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Food for Thought

At 4.30pm on Monday 28 June, 2010, a Community Garden in Lewes Road, Brighton, England, will be cleared and ‘secured’ by landowner Tesco ready to build a new store there.

A long campaign to retain the garden has, predictably, failed.

I was a retail journalist covering the supermarket industry at national level throughout the 80s. The average person does not realise how toxic the food industry is. No room here to detail the horrors, just read the book Tescopoly by Andrew Simms.

There is already a Co op right next door and a Sainsbury within spitting distance of the community garden. Giant Tesco, Asda (two) and Sainsbury out of town stores ring the city.
There is absolutely no good reason for building yet another Tesco here other than profitability. Don’t they already have vast chunks of the World’s wealth? Why squish a community garden just to make more?
I tend not to patronise Tesco although it’s really hard, when you don’t have a big income, to shop at Waitrose and in farmers’ markets all the time. I sometimes wonder if the corporate machine rolls on for no reason whatsoever, a self sustaining, mad, bad Leviathan which even insiders can no longer control,much like the latter stages of Nazi Germany.
‘Sir’ Terry Leahy recently resigned as Tesco CEO recently so maybe they will reduce or even withdraw their policy of World domination.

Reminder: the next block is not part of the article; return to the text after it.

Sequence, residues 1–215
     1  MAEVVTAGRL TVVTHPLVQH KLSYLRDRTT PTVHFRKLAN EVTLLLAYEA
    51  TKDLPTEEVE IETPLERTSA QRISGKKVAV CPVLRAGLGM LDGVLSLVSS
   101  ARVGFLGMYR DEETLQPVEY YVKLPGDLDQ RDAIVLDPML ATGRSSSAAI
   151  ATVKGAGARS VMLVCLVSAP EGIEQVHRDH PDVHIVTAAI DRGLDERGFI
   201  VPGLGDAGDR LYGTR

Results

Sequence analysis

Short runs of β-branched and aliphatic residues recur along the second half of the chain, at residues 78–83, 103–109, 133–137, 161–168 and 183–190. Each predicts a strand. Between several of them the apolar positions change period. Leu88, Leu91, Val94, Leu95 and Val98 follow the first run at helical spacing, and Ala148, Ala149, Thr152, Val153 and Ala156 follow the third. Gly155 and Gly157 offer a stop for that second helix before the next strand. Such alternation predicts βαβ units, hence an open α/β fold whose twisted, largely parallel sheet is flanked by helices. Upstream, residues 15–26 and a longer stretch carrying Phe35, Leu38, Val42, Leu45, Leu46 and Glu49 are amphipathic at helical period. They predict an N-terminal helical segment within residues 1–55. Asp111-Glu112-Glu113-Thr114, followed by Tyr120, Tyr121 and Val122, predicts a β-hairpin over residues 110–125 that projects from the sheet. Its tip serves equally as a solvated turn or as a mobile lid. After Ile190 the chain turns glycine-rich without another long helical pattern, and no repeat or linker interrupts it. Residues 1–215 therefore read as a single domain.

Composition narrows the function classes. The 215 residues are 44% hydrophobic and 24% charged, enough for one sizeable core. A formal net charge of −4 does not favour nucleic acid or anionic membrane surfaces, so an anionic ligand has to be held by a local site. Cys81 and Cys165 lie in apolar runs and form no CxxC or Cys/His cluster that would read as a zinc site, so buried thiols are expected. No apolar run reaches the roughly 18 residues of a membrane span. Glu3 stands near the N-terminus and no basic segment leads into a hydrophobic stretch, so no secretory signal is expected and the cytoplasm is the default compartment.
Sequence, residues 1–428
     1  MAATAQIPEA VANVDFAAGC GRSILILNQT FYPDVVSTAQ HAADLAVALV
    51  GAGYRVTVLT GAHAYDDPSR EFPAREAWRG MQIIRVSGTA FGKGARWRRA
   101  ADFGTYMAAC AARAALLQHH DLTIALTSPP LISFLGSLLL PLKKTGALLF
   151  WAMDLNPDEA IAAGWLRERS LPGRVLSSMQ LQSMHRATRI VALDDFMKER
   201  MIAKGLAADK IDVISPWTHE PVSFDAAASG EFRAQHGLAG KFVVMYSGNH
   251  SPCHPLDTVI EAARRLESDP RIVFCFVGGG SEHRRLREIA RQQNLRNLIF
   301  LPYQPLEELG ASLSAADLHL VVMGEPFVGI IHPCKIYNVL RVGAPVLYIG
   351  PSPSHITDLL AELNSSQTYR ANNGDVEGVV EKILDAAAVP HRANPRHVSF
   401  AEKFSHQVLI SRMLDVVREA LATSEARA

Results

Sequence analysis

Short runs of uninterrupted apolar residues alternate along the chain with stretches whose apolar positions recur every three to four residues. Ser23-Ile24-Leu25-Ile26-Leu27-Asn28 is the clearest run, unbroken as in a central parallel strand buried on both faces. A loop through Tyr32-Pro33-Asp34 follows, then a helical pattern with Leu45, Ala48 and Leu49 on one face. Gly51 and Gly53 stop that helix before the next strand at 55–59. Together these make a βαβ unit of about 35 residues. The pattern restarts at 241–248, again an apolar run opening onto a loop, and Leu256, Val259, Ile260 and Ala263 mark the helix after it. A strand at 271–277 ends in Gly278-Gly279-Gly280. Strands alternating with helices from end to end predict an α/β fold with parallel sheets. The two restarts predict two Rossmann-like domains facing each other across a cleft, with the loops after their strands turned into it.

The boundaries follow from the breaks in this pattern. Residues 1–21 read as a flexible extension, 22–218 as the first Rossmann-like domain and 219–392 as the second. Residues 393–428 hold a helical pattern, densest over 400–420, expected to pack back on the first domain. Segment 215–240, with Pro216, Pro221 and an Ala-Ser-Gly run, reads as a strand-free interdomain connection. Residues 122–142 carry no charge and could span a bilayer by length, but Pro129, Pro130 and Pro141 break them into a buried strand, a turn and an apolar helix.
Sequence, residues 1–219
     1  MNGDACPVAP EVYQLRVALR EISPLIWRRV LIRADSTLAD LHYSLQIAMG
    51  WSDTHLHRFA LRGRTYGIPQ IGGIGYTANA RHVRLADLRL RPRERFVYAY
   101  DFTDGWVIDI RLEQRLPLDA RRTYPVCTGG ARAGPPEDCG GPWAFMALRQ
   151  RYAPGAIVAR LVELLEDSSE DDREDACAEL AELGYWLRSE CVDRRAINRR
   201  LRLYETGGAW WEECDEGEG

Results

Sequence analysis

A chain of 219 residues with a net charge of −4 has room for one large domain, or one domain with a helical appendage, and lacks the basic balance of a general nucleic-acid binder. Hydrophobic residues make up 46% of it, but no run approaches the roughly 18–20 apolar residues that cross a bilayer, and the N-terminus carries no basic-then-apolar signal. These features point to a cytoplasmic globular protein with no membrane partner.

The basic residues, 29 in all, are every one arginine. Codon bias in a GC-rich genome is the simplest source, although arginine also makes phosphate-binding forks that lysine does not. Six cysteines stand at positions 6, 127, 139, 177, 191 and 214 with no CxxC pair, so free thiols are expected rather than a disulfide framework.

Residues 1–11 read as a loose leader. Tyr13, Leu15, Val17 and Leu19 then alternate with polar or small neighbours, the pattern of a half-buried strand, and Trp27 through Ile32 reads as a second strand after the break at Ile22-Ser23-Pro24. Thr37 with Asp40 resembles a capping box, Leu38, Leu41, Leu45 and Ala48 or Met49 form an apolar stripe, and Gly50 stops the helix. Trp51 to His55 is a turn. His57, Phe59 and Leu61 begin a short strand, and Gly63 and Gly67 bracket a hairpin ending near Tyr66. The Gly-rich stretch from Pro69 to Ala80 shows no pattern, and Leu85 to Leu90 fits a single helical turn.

One example of this madness is a statement a few of years ago to the effect that he would not rest until there was a Tesco in every city in every country in the World.
That particular year, I was in Egypt. Egyptian civilisation always relied entirely on the fertile strip averaging only 2.8km, that the Nile carves out of the rainless desert, for its home produced food. A Second World country, with an unimaginable wealth-poverty gap, food prodcution and retailing was, until ten years ago, aside from Parisian lunches flown in to the super rich in the hotels along the Nile, all sourced from traditional family smallholdings on the river. Sometimes these go back literally hundreds of generations. The guy grows his crop, puts it on a donkey, takes it to market, everyone from granny down the road to the restaurants in the big cities buys it there. Everybody happy.
But no, this cannot be allowed to continue for there is money to be made in persuading Egyptians that now more women work, and there’s more exotic food available to import, and they need ‘cleaner’ ‘better’ ‘packaged’ ‘modern’ food.
This is rubbish of course. Sainsbury, Carrefour, et al have been at the Egyptian trough for some years now for no other reason that mindlessly, pointlessly increasing profitability. (Source:
http://www.corporateinformation.com/Country-Industry-Research-Links.aspx?c=220%20%20%20%20%20%20%20&i=Food)
In the context of people here in the First World becoming increasingly concerned about the environmental impact of large scale food importation and exportation, this makes no sense on a human level at all.
For grocery corporates to march into another country and disrupt a perfectly workable food production and retail dynamic merely in order to insert itself into the chain of profitability, is obscene.
The Community Garden in Lewes Road was just a scrubby patch of urban land, not much bigger than a plot which would contain three or four small houses.
The Co Op, a reasonably ethical supermarket chain which does not need to deliver corporate profit for the sake of it, is right next door.
Someone, somewhere, got out their retail map, saw their ‘gap in the market’ manipulated the local authority with their sheer power, (Tesco rarely loses a planning enquiry) and bam! the city’s eleventh Tesco store opens.
In a city with a population of just on 160,000.
Insane.

Rhiannon Hill

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